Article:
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Anticoagulation Reversal and Risk of Thromboembolic Events Among Heart Transplant Recipients Bridged with Durable Mechanical Circulatory Support Devices

Moretz, Jeremy*; Lindenfeld, Joann*; Shah, Ashish; Wigger, Mark*; Schlendorf, Kelly*; Keebler, Mary*; Danter, Matthew; Brown-Sacks, Suzanne*; Ooi, Henry*; Brinkley, Marshall*; Hanna, Peter*; Zalawadiya, Sandip*

doi: 10.1097/MAT.0000000000000866
Original Article: PDF Only

Anticoagulation reversal agents (ARAs) can minimize bleeding complications associated with mechanical circulatory support devices (MCSDs) explantation at the time of heart transplantation (HT); data on thromboembolic (TE) risk associated with ARAs are limited in this patient population. In this single-center study, we retrospectively analyzed 118 consecutive adults who were supported with durable MCSDs and underwent HT between May 2013 and October 2016. Patients were categorized based on intraoperative use of ARAs (recombinant factor VIIa [n=23], 4-factor prothrombin complex concentrate [n=48], or factor IX complex [n=2]) at the time of HT; these agents were used at discretion of implanting surgeons for bleeding control. The primary outcome of interest was presence of venous or systemic TE events within 3 months of HT. Multivariable logistic regression analyses were used to assess association between TE events and use of ARAs. A total of 71 (60%) patients received ARAs, and a total of 32 patients (27.1%) had TE events (25 venous [median time to diagnosis: 11.5 days; interquartile range {IQR}: 9–31 days], and 10 systemic [median time to diagnosis: 5.5 days; IQR: 4–8 days]); 26 (81.2%) of those with TE events had ARAs used at the time of HT. Multivariable analysis identified use of ARAs as an independent predictor of TE events (multivariable odds ratio: 3.06; 95% CI: 1.09–8.58; p = 0.034). Unplanned intraoperative use of ARAs to control bleeding was associated with a significantly higher risk of TE events among HT recipients bridged with durable MCSD. Future studies are required to further assess safety of these agents and their impact on patient outcomes.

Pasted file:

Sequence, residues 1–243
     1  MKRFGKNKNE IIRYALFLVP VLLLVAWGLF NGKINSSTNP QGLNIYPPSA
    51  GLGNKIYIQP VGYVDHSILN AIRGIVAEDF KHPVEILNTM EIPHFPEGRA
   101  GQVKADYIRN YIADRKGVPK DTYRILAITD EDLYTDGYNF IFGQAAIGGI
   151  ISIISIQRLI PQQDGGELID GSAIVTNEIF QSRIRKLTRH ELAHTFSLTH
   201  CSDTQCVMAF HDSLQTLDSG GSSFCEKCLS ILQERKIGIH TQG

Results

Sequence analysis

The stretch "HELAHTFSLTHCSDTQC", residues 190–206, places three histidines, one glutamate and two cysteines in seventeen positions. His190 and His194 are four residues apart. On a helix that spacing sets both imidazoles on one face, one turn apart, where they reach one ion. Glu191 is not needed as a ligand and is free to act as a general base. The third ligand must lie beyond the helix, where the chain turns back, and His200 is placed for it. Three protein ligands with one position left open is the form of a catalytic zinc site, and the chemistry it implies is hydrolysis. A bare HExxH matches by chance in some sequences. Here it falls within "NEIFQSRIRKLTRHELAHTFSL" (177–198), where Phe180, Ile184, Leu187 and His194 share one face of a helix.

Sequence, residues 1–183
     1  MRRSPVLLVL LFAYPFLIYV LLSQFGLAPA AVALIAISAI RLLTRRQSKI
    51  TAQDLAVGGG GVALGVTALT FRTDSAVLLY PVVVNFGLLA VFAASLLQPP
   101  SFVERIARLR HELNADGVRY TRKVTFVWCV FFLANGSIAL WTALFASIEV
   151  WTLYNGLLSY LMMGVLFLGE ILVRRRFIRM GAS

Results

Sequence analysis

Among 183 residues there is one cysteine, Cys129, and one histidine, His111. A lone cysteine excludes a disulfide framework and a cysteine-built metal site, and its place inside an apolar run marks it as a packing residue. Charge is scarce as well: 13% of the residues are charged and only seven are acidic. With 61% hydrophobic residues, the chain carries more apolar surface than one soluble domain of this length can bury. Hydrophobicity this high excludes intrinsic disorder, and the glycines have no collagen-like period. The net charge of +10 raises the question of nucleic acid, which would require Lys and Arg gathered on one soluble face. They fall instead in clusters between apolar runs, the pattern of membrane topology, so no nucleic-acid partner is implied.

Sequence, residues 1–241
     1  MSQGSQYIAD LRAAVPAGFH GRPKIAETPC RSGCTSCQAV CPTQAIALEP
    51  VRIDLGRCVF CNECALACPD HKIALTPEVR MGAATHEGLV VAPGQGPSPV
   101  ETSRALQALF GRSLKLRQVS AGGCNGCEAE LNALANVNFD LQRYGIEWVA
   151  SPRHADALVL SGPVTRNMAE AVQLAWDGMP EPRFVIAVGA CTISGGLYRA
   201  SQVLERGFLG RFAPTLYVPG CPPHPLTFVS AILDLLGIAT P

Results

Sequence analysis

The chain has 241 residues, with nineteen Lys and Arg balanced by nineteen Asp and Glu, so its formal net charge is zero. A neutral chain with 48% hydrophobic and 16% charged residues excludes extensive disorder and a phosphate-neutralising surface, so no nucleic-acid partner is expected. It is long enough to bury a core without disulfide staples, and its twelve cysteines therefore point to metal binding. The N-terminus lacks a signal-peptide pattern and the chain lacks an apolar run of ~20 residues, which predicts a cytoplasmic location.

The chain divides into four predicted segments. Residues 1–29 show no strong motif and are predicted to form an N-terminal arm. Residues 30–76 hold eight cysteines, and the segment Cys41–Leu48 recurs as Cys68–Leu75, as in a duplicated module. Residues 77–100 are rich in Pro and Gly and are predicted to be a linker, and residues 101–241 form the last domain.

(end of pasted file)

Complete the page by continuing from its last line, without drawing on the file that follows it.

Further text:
From the *Division of Heart Failure and Transplantation

Division of Cardiac Surgery, Vanderbilt University Medical Center, Nashville, Tennessee.

Submitted for consideration January 2018; accepted for publication in revised form July 2018.

Disclosure: The authors have no conflicts of interest to report.

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Correspondence: Sandip Zalawadiya, 1215 21st Ave S Room 5209, Nashville, TN 37232. Email:

Copyright © 2019 by the American Society for Artificial Internal Organs